How I plan photo shoots on the Isle of Wight
Sam got in touch after seeing her friends’ photos taken over the summer in Ryde (SEE HER FULL STORY HERE).
We’d waited 3 months to get together.
And I’m so glad we did.
I’d been saving this location for over a year, waiting for someone with the right kind of vibe.
And then I found Sam – bright, fun-loving and generous. Even in the cold and the wind.
Here was my plan …
I always visit the location at least twice to test out the light. I’ll take lots of photos and share them on instagram (click here to see the rest of the collection). It helps me visualise the light, the backgrounds and the possibilities.
It means I’ll know exactly where I want the model to stand and which direction to face to find the most flattering light.
Colour is a large part of my photography. Especially red.
I waited until autumn to use this area to take advantage of the rusty leaves.
I compose photographs to create diagonals, triangles and leading lines. I knew the sun would shine on Sam’s hair and the fence would act as a gobbo to block out some of the light. Creating all important shadows on the cheek bones.
I’d planned to use the wall lower down the path. When the winter’s sun came out unexpectedly, I worked quickly.
Asking Sam to crouch down I took the shot facing into the sun. Shooting downwards towards the model can be flattering if you get the right angle.
Looking into the sun is risky. It can cause squints and watery eyes.
People were also starting to take notice of our antics so I made sure I caught Sam laughing before we moved on to an outfit change.
Always be open to new ideas. My favourite location wasn’t available and I had to pick a different spot.
As is often the case, I have a sneaky feeling it’s better than my original choice.
Steps are my ‘signature look’. I could do a whole session just in one spot. You’ll see a lot of ideas collected on my posing guide (pinterest link).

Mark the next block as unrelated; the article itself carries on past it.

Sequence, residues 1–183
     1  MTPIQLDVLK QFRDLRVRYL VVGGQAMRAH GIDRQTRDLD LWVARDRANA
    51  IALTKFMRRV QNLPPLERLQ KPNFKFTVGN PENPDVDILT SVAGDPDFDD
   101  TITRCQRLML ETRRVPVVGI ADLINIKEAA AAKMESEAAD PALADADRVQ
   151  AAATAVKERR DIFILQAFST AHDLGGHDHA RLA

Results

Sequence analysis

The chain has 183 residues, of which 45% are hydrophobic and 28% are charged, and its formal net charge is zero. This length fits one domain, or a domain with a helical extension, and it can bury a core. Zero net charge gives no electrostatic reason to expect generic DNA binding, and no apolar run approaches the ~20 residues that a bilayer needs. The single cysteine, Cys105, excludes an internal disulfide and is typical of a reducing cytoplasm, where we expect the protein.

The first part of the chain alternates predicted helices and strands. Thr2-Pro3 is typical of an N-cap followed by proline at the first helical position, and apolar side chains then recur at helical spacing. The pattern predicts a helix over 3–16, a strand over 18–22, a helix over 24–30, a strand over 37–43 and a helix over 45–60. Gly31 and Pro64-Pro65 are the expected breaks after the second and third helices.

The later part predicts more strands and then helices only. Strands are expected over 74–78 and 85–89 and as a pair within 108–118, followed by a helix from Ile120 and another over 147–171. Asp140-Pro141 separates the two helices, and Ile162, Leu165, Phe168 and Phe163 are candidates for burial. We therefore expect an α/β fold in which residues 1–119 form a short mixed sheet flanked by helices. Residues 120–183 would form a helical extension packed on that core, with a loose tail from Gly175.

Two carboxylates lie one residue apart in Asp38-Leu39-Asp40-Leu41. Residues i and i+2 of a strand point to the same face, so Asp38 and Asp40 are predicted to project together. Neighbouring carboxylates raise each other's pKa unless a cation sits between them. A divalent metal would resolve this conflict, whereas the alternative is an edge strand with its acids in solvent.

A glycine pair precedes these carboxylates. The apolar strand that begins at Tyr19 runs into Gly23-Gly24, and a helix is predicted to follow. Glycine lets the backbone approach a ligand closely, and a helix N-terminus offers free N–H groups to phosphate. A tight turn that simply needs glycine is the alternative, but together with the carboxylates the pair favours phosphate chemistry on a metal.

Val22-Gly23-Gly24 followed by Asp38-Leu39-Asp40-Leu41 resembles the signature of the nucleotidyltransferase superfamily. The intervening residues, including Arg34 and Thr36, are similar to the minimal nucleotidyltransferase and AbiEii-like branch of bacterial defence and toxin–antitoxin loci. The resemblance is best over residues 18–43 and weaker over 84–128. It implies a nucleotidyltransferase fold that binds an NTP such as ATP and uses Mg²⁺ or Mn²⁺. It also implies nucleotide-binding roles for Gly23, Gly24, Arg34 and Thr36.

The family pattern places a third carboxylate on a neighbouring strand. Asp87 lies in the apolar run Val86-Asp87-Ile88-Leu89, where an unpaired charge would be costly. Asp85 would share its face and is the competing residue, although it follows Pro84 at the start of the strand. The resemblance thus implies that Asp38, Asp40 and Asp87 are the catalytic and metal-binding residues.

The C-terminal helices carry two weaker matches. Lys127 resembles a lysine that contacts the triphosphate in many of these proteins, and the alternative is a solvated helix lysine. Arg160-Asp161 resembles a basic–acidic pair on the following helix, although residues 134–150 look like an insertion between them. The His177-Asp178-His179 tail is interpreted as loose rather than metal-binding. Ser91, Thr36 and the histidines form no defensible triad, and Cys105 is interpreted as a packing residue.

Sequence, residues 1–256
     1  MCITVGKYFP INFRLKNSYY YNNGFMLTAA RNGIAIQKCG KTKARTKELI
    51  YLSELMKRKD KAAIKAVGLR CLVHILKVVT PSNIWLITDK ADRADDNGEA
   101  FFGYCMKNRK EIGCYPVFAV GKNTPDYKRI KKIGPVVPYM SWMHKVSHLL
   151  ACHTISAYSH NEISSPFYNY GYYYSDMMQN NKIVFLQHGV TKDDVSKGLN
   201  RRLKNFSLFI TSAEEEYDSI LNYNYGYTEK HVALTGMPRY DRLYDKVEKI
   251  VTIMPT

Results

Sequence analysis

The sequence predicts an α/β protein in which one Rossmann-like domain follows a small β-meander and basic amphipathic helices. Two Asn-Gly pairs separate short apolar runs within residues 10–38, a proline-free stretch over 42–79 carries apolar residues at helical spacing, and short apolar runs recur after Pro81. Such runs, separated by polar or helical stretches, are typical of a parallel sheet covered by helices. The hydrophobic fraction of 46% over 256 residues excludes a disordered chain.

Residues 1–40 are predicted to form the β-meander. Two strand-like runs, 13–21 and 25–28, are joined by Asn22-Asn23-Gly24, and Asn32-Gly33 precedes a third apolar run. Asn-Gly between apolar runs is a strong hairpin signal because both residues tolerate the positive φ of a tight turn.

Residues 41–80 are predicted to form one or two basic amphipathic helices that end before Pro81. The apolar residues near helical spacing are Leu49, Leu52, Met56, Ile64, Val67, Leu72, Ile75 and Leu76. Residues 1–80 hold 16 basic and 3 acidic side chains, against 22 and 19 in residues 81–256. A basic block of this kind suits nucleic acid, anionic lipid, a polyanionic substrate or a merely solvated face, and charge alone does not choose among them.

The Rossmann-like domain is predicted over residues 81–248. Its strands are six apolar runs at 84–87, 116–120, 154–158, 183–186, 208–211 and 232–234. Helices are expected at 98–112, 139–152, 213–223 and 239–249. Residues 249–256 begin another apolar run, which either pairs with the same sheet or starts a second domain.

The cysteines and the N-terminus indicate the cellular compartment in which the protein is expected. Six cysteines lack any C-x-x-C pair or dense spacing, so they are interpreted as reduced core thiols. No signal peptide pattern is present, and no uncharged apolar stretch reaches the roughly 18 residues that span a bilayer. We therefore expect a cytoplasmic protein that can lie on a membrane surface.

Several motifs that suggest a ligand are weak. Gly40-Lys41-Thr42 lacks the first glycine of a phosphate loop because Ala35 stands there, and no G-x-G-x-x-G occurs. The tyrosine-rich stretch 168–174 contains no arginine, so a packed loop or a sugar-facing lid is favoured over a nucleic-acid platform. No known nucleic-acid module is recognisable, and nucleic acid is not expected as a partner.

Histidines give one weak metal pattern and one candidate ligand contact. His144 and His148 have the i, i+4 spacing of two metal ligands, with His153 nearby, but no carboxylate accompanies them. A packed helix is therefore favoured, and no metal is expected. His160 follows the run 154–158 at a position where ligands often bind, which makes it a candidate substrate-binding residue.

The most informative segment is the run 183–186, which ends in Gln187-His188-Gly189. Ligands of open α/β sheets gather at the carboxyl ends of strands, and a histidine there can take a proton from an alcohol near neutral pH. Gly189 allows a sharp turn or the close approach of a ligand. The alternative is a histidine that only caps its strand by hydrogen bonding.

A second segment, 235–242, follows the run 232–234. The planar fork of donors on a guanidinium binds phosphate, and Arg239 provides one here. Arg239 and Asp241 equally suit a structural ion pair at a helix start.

This little spot was warm, out of the wind and bathed in softer light.
Once I find a spot that offers comfort, privacy and flattering light I tend to stick to it. Like glue.
The results are always worth it.
Here the light glanced over the trees and created a lovely halo effect around Sam’s head. A reflector at my feet bouncing light back onto Sam’s face, creating a beautiful glow on her skin.
This location is a mere 5 paces away from the photograph above. The strong mid-day sun is starting to cause problems and my luck is about to run out.
Notice Sam is now wearing her coat. Close fitting clothes that follow the line of your figure are the most flattering. However, if the model is cold or uncomfortable it’ll show in your photographs. Put the model first, always. It’s the decent thing to do.
See my advice for posing people using this portrait session in Ryde.
A little bit of magic happens in this location. My reflector broke. I was struggling with the wind. It was getting cold. But something about this doorway made me pause.
Sam is a great sport. I joked, “jump in that hole” and she did.
The broken reflector was leaning against the stand and the wall, angled to bounce the mid-day sun into the dark entrance. Sam is placed just on the corner where the light can still find her face.
My enthusiasm inspired confidence. You can see my infectious laugh reflected in Sam’s smile. Especially when you look at the opening images.
Photography is about passion, fun and silliness. Not perfect poses and rigid smiles.
We’re at the end of my session. I’d found a lovely floor with beautiful moss that I’d planned to use.
But it was wet. Damp. Muddy. And plain messy.
Sam is sat on a large stone with the sun shining through her hair.
A quickly composed shot. Once I’m confident I’ve found a flattering angle, I ask Sam to drop her coat one final time.
The final shots are always the best – we’ve spent two hours together, discovering a new friendship. Excitement is high. Relief that the photo shoot was a success. Tiredness because modelling isn’t as glamorous as it first appears.
Beauty is created. Because of Sam. Because she gave me permission to reflect the beauty I see in others.
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